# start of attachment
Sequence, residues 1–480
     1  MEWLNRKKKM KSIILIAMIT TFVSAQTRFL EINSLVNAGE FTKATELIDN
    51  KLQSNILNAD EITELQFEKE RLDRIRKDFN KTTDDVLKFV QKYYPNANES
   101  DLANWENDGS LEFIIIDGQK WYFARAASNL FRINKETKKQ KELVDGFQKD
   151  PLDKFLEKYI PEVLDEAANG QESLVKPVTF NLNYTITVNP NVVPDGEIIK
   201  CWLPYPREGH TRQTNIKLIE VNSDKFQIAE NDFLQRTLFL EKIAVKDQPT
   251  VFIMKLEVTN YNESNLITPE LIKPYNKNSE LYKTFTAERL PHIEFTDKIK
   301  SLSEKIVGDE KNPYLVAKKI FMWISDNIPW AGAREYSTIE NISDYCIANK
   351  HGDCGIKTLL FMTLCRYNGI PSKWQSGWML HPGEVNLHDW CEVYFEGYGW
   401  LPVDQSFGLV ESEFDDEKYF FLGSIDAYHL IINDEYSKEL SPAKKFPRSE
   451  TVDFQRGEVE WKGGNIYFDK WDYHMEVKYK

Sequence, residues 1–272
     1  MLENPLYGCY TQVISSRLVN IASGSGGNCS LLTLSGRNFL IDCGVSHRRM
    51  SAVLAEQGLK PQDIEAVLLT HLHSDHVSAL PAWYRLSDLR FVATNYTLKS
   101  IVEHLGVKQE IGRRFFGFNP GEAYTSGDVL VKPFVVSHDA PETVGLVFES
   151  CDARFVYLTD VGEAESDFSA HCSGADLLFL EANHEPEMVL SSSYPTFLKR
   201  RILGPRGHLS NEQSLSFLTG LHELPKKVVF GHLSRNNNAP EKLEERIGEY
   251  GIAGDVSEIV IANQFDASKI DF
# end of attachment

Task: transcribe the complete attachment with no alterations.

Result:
Sequence, residues 1–480
     1  MEWLNRKKKM KSIILIAMIT TFVSAQTRFL EINSLVNAGE FTKATELIDN
    51  KLQSNILNAD EITELQFEKE RLDRIRKDFN KTTDDVLKFV QKYYPNANES
   101  DLANWENDGS LEFIIIDGQK WYFARAASNL FRINKETKKQ KELVDGFQKD
   151  PLDKFLEKYI PEVLDEAANG QESLVKPVTF NLNYTITVNP NVVPDGEIIK
   201  CWLPYPREGH TRQTNIKLIE VNSDKFQIAE NDFLQRTLFL EKIAVKDQPT
   251  VFIMKLEVTN YNESNLITPE LIKPYNKNSE LYKTFTAERL PHIEFTDKIK
   301  SLSEKIVGDE KNPYLVAKKI FMWISDNIPW AGAREYSTIE NISDYCIANK
   351  HGDCGIKTLL FMTLCRYNGI PSKWQSGWML HPGEVNLHDW CEVYFEGYGW
   401  LPVDQSFGLV ESEFDDEKYF FLGSIDAYHL IINDEYSKEL SPAKKFPRSE
   451  TVDFQRGEVE WKGGNIYFDK WDYHMEVKYK

Sequence, residues 1–272
     1  MLENPLYGCY TQVISSRLVN IASGSGGNCS LLTLSGRNFL IDCGVSHRRM
    51  SAVLAEQGLK PQDIEAVLLT HLHSDHVSAL PAWYRLSDLR FVATNYTLKS
   101  IVEHLGVKQE IGRRFFGFNP GEAYTSGDVL VKPFVVSHDA PETVGLVFES
   151  CDARFVYLTD VGEAESDFSA HCSGADLLFL EANHEPEMVL SSSYPTFLKR
   201  RILGPRGHLS NEQSLSFLTG LHELPKKVVF GHLSRNNNAP EKLEERIGEY
   251  GIAGDVSEIV IANQFDASKI DF